Flu pandemic is possible, official says
New York Daily News |
August 31, 2005
BY BRANDON BAIN
An official of the state Department of Health raised the possibility yesterday of a worldwide outbreak of the avian flu, citing the shortage of vaccines in recent years and the ability for the virus to mutate and travel globally.
Barbara Wallace, director of communicable disease control for the agency, told health professionals at the Nassau County Bar Association in Mineola that in the event of a pandemic - or widespread outbreak - a flu shot would not be immediately available. Consequently, members of the general population may have to receive more than one anti-viral shot to offset the effects of the virus, she said.
Wallace stopped short of predicting a pandemic. But, given that vaccine supplies are "unpredictable," she urged local health officials to remain vigilant. "We're making sure people are talking," Wallace said. "It's not to scare people, but to get people used to the idea."
To prepare for an outbreak, Wallace said, state officials have increased surveillance of the flu virus and established stockpiles of anti-viral drugs and vaccines.
An influenza pandemic would arise if a new form of the virus were to spread to the overall population and there were no vaccines to prevent it. In the 20th century there were three major pandemics, the last one in 1968 resulting in 34,000 deaths.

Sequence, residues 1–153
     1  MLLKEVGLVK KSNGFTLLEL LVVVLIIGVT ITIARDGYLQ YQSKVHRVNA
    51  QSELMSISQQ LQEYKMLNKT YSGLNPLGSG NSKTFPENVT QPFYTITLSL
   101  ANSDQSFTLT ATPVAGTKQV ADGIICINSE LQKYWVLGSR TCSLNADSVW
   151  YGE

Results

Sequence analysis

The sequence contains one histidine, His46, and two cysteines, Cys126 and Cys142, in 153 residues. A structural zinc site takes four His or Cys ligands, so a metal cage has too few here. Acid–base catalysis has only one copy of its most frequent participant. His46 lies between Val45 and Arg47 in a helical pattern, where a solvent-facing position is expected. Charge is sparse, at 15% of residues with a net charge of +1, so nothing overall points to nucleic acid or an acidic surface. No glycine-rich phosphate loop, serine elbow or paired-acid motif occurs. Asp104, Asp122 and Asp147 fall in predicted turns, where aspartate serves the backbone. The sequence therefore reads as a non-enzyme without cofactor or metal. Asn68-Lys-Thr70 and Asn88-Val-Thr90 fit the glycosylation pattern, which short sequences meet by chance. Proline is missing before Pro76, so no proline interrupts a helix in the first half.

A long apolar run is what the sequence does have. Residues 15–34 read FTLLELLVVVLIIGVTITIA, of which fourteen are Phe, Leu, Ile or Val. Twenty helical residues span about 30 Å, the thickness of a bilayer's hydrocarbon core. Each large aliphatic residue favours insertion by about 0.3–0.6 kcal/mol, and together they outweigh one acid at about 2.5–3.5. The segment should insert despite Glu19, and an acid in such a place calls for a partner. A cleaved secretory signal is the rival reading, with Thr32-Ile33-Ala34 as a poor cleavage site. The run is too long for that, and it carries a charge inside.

"Clearly the transportation for something to move much quicker is there these days," Wallace said, referring to the recent SARS and bird flu epidemics. "Something that took months to move from Asia to the United States could happen overnight."
Last year's vaccine shortage has caused local officials to address the issues sooner.
"We're hopeful that a pandemic would never come here, but I'm concerned about a flu vaccine again this year, because the resources have not been as good as they should be," said Norma Henriksen, acting chairman of the Board of Health for Nassau County.
Lauren Barlow, a public health nurse coordinator in Suffolk County, said health officials should have a better sense of the vaccine supply by September or October. "We expect to have at least as much vaccine as we did last year," she said.
According to a presentation by Barlow, in an estimated worst-case scenario, a flu pandemic could lead to an estimated to 14,916 flu-related hospital admissions a week and 2,609 hospital deaths in New York State. The report excluded New York City.
Some local health officials are also seeking help from the Medical Reserve Corps, an all-volunteer group of health professionals that helped distribute new shipments of the vaccine in Long Island last year.
"Based on the problems we had last year with the flu vaccine shortage, that's certainly something that we are very concerned about and we may need our medical reserve force," said Shelly Schechter of Nassau County's department of public health.